Although formed in 1988 and despite regular appearances at the Huddersfield Contemporary Music Festival, the ensemble Firebird are still not as prominent as they deserve to be. They numbering some excellent players amidst their ranks including clarinettist Roger Heaton, oboist Christopher Redgate and conductor Barrie Webb. Mr Webb also happens to be a trombonist specialising in the contemporary repertoire for the instrument.
The booklet note mentions that the principal objective of the ensemble is to tackle new works alongside the more established repertoire of the last century. They have no special allegiance to any one school or stylistic genre. This disc was recorded over a period of three years in Huddersfield where the ensemble have a residency at the university. They offer six works by five Italian composers, ranging from Giacinto Scelsi, probably the best known name, to figures who are considerable less familiar.
The only composer represented twice is Milan-born Luca Francesconi, a former student of Stockhausen and one time assistant to Luciano Berio. His Viaggiatore Insonne, of 1986, sets the fleeting poem 'Sleepless Traveller' by Sandro Penna, a text rich in visual atmosphere. This is set with the instruction that the singer delivers the words in a non-operatic way, a manner the composer relates to baroque or pre-bel canto technique. Francesconi creates passages of considerable beauty here. There are soaring and notably lyrical instrumental lines that coalesce well with the voice of Alison Wells, who is careful to never over dominate. The textures can be complex yet at the same time gentle and transparent. By comparison, the work from which the disc takes its title, Plot in Fiction, of three years later, is a harder edged affair with a greater degree of textural density. It has a solo part of stamina-sapping virtuosity, admirably played by Christopher Redgate. The key here is to find the "plot" through the "fiction", or as the composer puts it, the narrative thread that runs through the complexity and intricacy of a "forest of daily symbols".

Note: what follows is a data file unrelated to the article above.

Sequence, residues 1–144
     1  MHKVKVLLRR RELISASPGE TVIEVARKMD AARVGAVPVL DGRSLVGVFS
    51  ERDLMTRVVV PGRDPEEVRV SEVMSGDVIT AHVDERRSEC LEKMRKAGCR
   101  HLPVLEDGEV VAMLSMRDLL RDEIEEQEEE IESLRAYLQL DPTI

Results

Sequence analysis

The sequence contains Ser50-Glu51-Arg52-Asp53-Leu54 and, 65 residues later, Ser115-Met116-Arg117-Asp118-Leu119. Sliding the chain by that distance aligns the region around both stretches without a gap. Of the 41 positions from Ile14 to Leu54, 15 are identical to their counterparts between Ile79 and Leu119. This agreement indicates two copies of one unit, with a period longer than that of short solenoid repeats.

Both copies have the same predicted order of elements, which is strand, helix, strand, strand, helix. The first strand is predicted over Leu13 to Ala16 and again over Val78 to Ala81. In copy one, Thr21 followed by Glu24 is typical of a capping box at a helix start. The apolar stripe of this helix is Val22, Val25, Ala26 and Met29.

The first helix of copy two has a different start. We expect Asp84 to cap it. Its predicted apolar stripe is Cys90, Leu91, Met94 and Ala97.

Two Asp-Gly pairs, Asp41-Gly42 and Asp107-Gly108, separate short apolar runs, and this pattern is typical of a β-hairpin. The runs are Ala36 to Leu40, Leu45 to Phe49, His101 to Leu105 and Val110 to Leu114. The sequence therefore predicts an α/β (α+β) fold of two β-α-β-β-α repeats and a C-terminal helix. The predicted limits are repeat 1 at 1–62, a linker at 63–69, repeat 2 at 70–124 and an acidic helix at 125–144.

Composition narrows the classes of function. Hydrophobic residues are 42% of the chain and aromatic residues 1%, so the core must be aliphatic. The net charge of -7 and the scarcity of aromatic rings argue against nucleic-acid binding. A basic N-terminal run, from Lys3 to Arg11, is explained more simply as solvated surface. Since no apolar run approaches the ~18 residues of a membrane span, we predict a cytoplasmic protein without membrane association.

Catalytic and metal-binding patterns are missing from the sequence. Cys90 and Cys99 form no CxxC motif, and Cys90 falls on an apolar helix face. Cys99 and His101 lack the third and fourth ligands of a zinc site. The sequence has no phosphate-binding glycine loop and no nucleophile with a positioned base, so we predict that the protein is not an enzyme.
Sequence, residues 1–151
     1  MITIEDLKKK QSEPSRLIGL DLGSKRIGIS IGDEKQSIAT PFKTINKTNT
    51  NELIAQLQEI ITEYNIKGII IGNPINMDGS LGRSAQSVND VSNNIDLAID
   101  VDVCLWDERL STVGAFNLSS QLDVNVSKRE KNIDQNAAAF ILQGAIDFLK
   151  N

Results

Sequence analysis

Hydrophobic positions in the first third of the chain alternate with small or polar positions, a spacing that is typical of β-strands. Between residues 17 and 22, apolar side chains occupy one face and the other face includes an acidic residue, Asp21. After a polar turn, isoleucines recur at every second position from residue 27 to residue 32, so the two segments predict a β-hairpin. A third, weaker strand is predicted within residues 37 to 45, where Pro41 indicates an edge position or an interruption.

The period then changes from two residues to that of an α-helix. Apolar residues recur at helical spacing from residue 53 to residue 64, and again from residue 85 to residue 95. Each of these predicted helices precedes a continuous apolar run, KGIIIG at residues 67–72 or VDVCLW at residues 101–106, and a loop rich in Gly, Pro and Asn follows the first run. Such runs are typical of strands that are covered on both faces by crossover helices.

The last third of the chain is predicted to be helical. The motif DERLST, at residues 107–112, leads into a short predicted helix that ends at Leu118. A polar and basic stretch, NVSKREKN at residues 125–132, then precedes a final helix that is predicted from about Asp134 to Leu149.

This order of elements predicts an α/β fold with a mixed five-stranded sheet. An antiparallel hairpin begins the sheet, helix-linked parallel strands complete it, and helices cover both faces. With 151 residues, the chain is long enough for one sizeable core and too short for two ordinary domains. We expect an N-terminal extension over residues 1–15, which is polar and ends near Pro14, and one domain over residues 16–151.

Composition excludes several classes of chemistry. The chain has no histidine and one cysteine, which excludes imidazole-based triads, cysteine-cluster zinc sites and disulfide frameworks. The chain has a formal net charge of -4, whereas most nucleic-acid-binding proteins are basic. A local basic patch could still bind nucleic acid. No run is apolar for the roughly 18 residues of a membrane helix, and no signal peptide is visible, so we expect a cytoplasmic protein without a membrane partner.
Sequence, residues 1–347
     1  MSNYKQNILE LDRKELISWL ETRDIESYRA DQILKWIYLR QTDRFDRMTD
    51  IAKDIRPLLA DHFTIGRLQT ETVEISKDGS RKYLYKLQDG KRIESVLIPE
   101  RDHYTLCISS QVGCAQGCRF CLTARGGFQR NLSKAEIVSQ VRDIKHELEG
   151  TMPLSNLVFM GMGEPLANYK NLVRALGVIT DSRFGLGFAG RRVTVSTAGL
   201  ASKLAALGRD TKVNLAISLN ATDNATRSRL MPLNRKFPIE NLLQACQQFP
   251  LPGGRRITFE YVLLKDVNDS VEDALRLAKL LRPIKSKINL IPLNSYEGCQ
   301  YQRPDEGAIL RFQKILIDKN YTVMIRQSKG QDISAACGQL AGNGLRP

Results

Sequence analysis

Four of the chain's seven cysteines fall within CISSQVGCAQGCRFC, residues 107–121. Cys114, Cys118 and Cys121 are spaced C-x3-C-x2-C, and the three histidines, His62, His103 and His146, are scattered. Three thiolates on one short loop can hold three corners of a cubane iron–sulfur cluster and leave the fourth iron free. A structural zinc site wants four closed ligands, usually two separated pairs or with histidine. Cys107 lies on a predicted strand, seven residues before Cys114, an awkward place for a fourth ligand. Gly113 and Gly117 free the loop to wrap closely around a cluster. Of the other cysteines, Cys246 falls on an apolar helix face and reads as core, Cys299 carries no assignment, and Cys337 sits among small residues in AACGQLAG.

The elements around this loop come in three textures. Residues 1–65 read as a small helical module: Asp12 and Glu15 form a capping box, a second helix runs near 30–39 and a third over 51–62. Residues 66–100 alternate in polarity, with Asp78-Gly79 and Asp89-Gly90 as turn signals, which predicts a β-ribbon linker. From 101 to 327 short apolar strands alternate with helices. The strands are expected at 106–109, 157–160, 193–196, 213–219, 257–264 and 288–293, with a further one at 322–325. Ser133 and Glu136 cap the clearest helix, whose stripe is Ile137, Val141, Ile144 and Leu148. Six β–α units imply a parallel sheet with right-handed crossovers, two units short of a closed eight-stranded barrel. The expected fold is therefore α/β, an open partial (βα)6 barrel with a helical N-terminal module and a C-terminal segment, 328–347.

Enrico Correggia takes as the premise for his work Già l'Eolia di Notte, the principle of Yin and Yan, or masculine and feminine. The strings assume the role of the former in astringent, melodically deprived material whilst the wind carry the greater melodic interest. An attempt at integration by the strings sees them adopt a midway point between the two initial extremes. What results is a work of interesting shifting textures, colours and textural imagination.
Ada Gentile has the distinction of being the only female composer represented. The title In un Silenzio Ordinato, gives a clue as to the low dynamic levels that figure throughout much of the work. It's a curiously satisfying piece, full of scurrying, restless energy that ultimately works itself out and fades away to nothing.
Alison Wells is at the forefront in Dario Maggi's Im finsteren Wald, a ten-minute cantata to a dark text by Georg Trakl, scored for soprano, bass clarinet, marimba and piano. Wells once again is a highly convincing soloist although I was perhaps less convinced by this work's ability to sustain interest in the manner that some of the other works achieve.
In several ways Giacinto Scelsi is the odd one out amongst these composers, the obvious reason being that he is the only non-living composer amongst those featured. But musically he also ploughed very much his own path, coming to reject the use of melody in favour of gradually shifting changes of pitch, dynamic and timbre influenced by forms of eastern meditation and actually lending his work a noticeably eastern atmosphere. Kya, for clarinet and seven instruments, is representative of this later period of his career. What his work from this period does is to effectively take music back to its very barest constituent parts. It's not easy listening but given the chance it does possess the ability to draw the listener into its very personal world.
This is a disc very much in the true Metier mould of challenging and probing our musical senses. It is however a disc that offers undoubted rewards upon repeated listening for those who allow themselves to become immersed in the "plot". The performances by Firebird are accomplished and it is to be hoped that we hear more from them in recordings to come.